If this only covers the database, I wonder what they're going to do for all their other messy enterprisey applications (Financials, PeopleSoft, JD Edwards, Siebel, WebLogic, Solaris, and so on).
Also, the other thing that isn't mentioned is the support entitlements. I set up Oracle RAC for a proof of concept in our lab a couple years ago. I don't know how i could have completed it without falling back on our company's paid-up Oracle maintenance contract. The released software (available for "free" on their site) was not usable (read: would not even install properly) without several patches, only available from My Oracle Support. The documentation had errors in it, which were highlighted in several linked "support notes" and also only available on MOS.
Seriously, the entire Oracle infrastructure is designed around the expensive consultant model. I wouldn't be surprised if they raise the support rates to compensate for it.
You should get an Oracle Partner subscription (hope it still exists). It allows you to use the licensed products for development/test/demo without issues, any number of instances you need, and you have access to support for patches and service requests. What you can't do is use that license for any production installation.
The subscription is a yearly fee, it's very much alike MSDN and the like, designed to keep dev/test labs to a manageable budget.
It's not perpetual all you can eat. You have to pay for each user each month - it's a dream come true for Oracle, and one they're trying to move to by selling Oracle Cloud Services.
Salesforce runs only on Salesforce servers giving them total control over whatever part of your business you move onto Salesforce. There's no need for them to audit your software use - they can monitor it minute by minute and shut you off if you don't pay up.
This sounds a lot like the Microsoft Campus agreement in academia, where they charge a fee based on the number of computers on site (regardless of what software they run). This has an obvious advantage: all your systems are licensed for the relevant software, without any further checks. The downside, of course, is that every system is then licensed for MS software - even if it's actually being used for Linux, Solaris, *BSD or as an embedded control system for something - at which point, there is no saving in using a rival product: you've already paid for the MS option anyway.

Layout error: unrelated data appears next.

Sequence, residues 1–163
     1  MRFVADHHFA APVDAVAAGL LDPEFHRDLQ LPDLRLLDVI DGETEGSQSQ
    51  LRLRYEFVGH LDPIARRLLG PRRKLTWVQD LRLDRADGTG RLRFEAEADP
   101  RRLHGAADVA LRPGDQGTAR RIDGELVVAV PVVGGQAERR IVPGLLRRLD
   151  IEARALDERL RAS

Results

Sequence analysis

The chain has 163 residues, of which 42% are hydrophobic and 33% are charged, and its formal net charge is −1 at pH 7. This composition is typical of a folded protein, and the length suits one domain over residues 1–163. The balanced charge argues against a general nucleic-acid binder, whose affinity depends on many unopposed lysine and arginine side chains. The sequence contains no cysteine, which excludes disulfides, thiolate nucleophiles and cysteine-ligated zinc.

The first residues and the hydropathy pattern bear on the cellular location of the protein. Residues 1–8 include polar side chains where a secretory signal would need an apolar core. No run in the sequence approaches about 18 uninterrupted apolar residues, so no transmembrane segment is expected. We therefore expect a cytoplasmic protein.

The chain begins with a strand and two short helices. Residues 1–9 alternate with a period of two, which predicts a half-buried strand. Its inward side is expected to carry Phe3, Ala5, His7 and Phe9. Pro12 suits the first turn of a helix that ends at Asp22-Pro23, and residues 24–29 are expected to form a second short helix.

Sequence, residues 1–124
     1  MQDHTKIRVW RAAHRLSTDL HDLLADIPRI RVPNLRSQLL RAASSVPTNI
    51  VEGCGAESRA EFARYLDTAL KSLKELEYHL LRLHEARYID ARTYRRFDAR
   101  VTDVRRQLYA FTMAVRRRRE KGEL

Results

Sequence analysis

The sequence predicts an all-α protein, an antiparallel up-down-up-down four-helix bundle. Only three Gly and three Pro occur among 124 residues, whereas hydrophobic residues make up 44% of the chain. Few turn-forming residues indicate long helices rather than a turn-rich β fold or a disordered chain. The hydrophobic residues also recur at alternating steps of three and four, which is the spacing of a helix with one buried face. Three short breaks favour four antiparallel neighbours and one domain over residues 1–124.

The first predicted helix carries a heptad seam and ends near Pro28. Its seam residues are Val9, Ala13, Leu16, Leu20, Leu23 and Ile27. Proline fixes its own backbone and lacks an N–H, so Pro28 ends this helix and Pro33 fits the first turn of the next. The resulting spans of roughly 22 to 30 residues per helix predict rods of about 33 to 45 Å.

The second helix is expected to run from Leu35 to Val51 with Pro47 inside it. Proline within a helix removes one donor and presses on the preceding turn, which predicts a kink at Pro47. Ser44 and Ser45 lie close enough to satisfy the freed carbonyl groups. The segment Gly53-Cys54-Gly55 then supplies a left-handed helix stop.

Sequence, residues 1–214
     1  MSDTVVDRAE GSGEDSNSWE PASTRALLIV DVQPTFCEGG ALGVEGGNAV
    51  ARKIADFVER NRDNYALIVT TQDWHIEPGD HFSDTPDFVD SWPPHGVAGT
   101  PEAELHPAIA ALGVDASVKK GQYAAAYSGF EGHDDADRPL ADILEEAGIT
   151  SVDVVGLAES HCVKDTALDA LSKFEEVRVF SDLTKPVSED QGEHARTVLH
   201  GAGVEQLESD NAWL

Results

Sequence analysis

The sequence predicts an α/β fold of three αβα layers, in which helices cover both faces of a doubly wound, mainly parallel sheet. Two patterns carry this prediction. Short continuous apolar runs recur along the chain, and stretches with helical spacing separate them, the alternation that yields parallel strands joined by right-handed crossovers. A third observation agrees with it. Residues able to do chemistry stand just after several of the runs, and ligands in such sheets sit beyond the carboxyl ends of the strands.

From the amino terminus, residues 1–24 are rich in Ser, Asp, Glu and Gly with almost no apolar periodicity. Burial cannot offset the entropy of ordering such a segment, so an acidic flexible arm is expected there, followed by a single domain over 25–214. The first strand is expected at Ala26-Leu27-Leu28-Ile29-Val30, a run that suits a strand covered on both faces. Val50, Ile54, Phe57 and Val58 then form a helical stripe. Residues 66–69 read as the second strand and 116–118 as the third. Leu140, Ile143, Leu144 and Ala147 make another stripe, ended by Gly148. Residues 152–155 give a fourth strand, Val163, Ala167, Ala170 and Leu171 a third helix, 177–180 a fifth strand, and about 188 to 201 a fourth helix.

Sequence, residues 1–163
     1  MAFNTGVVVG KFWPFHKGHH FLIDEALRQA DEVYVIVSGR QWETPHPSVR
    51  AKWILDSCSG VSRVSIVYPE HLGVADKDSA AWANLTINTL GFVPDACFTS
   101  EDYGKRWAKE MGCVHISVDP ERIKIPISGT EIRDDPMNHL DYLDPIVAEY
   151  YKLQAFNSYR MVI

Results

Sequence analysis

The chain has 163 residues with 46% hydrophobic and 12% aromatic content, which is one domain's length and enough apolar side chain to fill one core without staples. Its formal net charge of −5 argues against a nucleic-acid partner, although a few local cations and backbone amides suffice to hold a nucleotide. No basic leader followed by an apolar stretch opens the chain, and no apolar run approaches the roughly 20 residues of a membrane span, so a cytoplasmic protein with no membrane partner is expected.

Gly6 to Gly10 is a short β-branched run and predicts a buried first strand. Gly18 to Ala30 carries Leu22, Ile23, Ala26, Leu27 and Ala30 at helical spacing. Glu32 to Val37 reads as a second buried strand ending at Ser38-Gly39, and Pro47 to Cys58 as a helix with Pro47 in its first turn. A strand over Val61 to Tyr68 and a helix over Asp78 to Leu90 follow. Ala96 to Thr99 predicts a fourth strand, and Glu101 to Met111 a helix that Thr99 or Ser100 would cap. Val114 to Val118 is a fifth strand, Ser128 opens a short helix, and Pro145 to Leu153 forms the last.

I remember coming across this with Oracle in another university years ago - asked why they were using Oracle for an internal user database (something quite trivial, a few Gb at most), the answer was that they were already licensed for it, so why not? Of course, next time the Oracle license is up for renewal, that's one more critical system relying on keeping the license current...
Even with "perpetual all-you-can-eat Database" subscriptions, Oracle solutions will still be an order of magnitude more costly and convoluted that modern, powerful and equally scalable solutions based on products like Postgresql object/relational RDMS, and with world class expertise and support from solution providers such as RedHat, IBM and EnterpriseDB, Fujitsu and many more.
Many expert technologists and business visionaries were correct in their assessment that it was a severe misfortune for all great technology when Oracle purchased Sun Microsystem and the plethora of fantastic Free/Open Source Software (FOSS) software included in the transaction, that Oracle is attempting miserably to make fully proprietary - like Java, MySQL, VirtualBox and other aplications.
Crass greed combined with draconian proprietary software - even most that are inferior to better FOSS, are badly hurting all technology development, particularly here in USA.